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Please use this identifier to cite or link to this item: http://hdl.handle.net/123456789/14827

Title: The associations between alcohol intake and cardiometabolic risk in African-origin adults spanning the epidemiologic transition
Authors: Baghdan, Danny
Dugas, Lara R.
Choo-Kang, Candice
Plange-Rhule, Jacob
Bovet, Pascal
Viswanathan, Bharathi
Forrester, Terrence
Lambert, Estelle V.
Riesen, Walter
Korte, Wolfgang
Choudhry, Mashkoor A.
Luke, Amy
Issue Date: Dec-2021
Publisher: BMC Public Health
Citation: BMC Public Health, 21(1)
Abstract: Cardiometabolic (CM) risk affects approximately 25% of adults globally, and is diagnosed by meeting 3 out of 5 of the following CM risk factors: elevated blood pressure, high triglycerides, elevated blood sugar, low high-density lipoprotein (HDL) level, and abdominal obesity. Adults with CM risk are approximately 22% more likely to have higher mortality rates, and alcohol consumption may be associated with higher CM risk. While previous studies have investigated this potential connection, the majority of them did not include African-origin adults. Therefore, the study aimed to explore the association between alcohol intake and CM risk in 5 African-origin cohorts, spanning the epidemiologic transition in Ghana, South Africa, Jamaica, Seychelles and the United States of America. Methods: Measurements included clinical measures for CM risk and self-reported alcohol consumption. Each participant was categorized into one of three drinking categories: non-drinker, light drinker (1–3 drinks daily for men and 1–2 drinks daily for women) and heavy drinker (4 or more drinks every day for men and 3 or more drinks per day for women). Using non-drinker status as the reference, the association between alcohol consumption status and prevalence of each of the five CM risk factors and overall elevated CM risk (having 3 out of 5 risk factors) was explored, adjusting for site, age and sex. Associations were explored using logistic regression and significance was determined using odds ratios (OR) and 95% confidence intervals.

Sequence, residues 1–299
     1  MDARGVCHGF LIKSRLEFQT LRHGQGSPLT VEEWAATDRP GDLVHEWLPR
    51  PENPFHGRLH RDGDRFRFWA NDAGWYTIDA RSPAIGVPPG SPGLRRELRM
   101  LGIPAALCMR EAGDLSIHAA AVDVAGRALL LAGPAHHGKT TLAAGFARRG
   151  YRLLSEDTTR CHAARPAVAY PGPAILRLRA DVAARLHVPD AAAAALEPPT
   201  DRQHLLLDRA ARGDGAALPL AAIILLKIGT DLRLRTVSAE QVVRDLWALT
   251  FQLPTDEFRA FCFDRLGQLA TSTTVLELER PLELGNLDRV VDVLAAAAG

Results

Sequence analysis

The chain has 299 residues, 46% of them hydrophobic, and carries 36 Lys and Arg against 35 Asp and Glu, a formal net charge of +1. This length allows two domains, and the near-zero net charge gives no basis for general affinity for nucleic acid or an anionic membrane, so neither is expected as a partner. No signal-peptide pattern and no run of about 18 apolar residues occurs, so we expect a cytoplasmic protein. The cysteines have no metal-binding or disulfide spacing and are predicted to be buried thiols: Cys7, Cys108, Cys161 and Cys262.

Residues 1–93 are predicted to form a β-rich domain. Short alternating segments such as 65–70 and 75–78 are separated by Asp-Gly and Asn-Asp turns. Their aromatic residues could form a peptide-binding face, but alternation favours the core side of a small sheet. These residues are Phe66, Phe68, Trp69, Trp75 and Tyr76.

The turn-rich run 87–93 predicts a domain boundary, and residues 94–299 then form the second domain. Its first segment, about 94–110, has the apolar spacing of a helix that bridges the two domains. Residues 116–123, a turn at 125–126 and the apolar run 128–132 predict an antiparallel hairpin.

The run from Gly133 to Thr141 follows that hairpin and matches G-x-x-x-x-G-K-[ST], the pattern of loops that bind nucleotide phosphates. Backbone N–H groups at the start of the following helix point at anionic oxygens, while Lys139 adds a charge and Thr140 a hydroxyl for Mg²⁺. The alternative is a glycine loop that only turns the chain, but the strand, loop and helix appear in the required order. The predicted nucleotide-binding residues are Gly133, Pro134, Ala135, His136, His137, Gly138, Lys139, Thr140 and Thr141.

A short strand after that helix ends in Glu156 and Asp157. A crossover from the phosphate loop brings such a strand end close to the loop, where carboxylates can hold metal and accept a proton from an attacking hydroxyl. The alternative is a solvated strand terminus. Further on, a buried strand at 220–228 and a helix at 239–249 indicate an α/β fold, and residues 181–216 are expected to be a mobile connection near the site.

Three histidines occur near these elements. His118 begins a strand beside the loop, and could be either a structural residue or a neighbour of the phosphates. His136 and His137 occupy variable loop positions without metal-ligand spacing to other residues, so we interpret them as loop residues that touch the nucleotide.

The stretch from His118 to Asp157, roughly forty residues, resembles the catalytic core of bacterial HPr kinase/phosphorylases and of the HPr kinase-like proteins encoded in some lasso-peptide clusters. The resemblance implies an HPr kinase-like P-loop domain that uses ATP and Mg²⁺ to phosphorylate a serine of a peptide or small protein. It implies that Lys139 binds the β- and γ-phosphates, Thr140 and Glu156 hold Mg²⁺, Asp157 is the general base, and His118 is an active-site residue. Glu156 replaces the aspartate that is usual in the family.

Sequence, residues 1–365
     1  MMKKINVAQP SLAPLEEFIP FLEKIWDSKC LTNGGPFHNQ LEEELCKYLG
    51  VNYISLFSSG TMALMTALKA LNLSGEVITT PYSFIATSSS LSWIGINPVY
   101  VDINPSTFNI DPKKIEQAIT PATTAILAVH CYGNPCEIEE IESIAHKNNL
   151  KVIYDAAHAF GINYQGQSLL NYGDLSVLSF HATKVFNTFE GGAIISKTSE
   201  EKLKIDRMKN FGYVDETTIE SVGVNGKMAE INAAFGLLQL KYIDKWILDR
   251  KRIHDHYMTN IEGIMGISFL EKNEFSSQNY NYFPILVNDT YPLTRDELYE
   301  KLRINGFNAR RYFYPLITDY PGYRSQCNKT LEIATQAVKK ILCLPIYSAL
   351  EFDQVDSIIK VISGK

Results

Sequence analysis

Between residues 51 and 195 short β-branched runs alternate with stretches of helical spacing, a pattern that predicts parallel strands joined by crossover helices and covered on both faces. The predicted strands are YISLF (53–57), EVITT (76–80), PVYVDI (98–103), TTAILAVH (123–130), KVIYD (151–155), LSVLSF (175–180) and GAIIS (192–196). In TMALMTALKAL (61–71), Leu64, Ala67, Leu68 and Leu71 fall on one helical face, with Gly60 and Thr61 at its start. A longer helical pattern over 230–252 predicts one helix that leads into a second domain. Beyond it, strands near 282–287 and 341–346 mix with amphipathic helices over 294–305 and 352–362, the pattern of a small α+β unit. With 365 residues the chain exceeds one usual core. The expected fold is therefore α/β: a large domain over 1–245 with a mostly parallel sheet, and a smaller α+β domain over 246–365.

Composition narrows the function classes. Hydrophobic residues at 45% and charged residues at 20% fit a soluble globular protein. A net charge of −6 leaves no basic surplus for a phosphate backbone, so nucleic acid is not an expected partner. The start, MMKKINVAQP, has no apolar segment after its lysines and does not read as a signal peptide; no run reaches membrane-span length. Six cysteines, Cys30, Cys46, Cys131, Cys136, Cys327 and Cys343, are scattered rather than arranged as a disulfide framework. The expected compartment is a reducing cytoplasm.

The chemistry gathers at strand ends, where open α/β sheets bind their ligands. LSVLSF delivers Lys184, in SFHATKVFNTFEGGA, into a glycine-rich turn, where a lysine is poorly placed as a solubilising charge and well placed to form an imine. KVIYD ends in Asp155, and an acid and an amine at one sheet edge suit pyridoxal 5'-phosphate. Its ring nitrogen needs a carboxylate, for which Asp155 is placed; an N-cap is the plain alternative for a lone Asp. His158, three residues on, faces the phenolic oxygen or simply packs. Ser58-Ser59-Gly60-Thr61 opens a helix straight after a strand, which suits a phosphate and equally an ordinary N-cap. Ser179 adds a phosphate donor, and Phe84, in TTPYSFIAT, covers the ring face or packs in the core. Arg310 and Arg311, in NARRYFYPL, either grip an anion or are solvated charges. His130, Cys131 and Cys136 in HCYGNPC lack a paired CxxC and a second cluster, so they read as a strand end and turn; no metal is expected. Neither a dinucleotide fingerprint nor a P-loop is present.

Description: This article is published by BMC Public Health and is also available at https://doi.org/10.1186/s12889-021-12128-2
URI: 10.1186/s12889-021-12128-2
Appears in Collections:College of Health Sciences

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